Today, U.S. Secretary of Commerce Wilbur Ross announced the affirmative final determinations in the antidumping duty (AD) investigations of imports of tool chests and cabinets from China and Vietnam.
“The United States is committed to free, fair, and reciprocal trade with these countries, and this case was decided strictly on a full and fair assessment of the facts,” said Secretary Ross. “The Department of Commerce will defend U.S. companies being hurt by foreign manufacturers that refuse to play by the rules. There are 161 antidumping or countervailing duty orders in place against China, and it is time for them to realize that their actions have consequences.”
The Commerce Department determined that exporters from China have sold tool chests and cabinets in the United States at 97.11 percent to 244.29 percent at less than fair value. Commerce determined that exporters from Vietnam have sold tool chests and cabinets in the United States at 327.17 percent at less than fair value.
As a result of today’s decisions, Commerce will instruct U.S. Customs and Border Protection (CBP) to continue to collect cash deposits from importers of tool chests and cabinets from China and Vietnam based on these final rates.
In 2016, imports of tool chests and cabinets from China and Vietnam were valued at an estimated $230 million and $77 million, respectively.
The petitioner is Waterloo Industries, Inc. (Waterloo). Waterloo manufactures tool chests at its production facility in Sedalia, Missouri.
Enforcement of U.S. trade law is a prime focus of the Trump administration. In the first quarter of 2018, the Department of Commerce has already initiated 22 new AD and CVD initiations – a 150 percent increase when compared with the first quarter of the prior year (2017).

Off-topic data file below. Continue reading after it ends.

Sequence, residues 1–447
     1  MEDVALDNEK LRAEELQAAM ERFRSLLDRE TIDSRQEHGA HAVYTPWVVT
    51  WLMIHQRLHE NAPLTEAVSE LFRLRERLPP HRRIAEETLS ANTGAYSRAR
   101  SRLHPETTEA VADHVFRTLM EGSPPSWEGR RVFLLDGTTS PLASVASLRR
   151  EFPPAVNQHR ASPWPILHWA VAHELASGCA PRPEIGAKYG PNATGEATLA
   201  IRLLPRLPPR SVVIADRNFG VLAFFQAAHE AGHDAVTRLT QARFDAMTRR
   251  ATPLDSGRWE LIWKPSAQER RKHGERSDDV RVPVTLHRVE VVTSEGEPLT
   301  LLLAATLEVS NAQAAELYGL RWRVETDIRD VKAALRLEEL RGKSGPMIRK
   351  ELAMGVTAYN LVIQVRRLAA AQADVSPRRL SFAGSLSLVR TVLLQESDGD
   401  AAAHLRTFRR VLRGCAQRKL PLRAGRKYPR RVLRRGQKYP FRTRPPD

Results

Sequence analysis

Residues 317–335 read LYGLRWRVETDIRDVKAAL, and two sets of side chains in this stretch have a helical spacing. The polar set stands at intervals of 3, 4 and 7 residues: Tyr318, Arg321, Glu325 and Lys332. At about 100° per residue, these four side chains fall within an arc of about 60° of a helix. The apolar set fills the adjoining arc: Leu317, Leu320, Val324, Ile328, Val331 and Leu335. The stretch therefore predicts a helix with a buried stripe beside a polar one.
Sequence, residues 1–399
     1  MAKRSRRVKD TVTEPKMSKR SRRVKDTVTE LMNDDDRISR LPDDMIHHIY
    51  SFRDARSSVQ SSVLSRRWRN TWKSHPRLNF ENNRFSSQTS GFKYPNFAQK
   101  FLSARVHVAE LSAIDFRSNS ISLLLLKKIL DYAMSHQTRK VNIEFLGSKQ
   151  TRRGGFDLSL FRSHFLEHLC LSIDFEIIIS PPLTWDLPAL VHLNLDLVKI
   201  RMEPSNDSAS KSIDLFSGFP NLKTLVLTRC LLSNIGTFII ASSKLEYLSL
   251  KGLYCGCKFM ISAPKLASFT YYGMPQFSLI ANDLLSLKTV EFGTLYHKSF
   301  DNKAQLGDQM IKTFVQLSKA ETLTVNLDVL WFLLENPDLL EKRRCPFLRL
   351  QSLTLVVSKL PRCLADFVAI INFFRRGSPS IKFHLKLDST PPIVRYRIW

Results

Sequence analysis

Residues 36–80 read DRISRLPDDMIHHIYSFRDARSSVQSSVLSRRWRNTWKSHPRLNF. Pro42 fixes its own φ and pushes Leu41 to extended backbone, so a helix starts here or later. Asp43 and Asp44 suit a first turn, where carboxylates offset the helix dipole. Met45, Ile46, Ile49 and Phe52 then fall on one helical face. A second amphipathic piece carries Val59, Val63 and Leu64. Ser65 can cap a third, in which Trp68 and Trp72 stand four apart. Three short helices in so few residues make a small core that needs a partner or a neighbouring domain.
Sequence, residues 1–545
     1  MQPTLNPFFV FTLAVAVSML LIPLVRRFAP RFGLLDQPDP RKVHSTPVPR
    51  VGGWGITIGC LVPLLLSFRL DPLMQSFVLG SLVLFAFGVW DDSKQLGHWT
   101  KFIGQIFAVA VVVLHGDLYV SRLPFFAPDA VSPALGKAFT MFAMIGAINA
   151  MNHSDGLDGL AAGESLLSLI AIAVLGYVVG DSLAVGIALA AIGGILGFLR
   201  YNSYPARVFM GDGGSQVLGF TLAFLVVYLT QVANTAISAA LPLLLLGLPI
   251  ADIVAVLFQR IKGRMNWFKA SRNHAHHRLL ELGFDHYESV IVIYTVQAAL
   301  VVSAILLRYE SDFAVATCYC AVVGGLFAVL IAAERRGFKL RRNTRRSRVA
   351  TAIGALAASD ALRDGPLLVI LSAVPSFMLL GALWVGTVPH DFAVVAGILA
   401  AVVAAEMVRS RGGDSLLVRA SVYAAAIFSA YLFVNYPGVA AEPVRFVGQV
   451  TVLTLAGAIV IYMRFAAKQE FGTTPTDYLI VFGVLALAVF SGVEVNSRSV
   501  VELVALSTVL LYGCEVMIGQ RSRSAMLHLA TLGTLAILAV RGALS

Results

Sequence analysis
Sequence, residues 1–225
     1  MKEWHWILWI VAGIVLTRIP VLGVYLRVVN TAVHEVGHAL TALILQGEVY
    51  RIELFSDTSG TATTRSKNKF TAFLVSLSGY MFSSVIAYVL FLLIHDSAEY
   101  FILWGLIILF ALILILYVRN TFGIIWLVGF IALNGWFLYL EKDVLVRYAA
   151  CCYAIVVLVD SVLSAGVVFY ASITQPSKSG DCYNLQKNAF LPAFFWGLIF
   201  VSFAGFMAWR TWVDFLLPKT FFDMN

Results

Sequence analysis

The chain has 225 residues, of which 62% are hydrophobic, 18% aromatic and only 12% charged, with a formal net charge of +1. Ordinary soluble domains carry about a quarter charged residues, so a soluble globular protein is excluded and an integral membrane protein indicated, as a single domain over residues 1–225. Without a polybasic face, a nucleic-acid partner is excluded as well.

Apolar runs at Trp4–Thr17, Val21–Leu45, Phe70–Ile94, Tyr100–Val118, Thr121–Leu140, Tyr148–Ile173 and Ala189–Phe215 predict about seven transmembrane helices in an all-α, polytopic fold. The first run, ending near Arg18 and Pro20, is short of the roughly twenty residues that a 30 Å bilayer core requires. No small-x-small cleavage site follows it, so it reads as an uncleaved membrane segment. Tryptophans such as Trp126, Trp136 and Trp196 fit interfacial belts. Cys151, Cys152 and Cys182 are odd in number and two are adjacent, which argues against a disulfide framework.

The AD law provides U.S. businesses and workers with an internationally accepted mechanism to seek relief from the harmful effects of unfair pricing of imports into the United States. Commerce currently maintains 428 antidumping and countervailing duty orders which provide relief to American companies and industries impacted by unfair trade.
The U.S. International Trade Commission (ITC) is scheduled to issue its final determinations on or around May 18, 2018. If the ITC makes affirmative final injury determinations, Commerce will issue AD orders on subject merchandise from those markets. If the ITC makes negative final determinations of injury, the investigations will be terminated and no orders will be issued.
Click HERE for a fact sheet on today’s decision(s).
The U.S. Department of Commerce’s Enforcement and Compliance unit within the International Trade Administration is responsible for vigorously enforcing U.S. trade laws and does so through an impartial, transparent process that abides by international law and is based solely on factual evidence.
Foreign companies that price their products in the U.S. market below the cost of production or below prices in their home markets are subject to AD duties.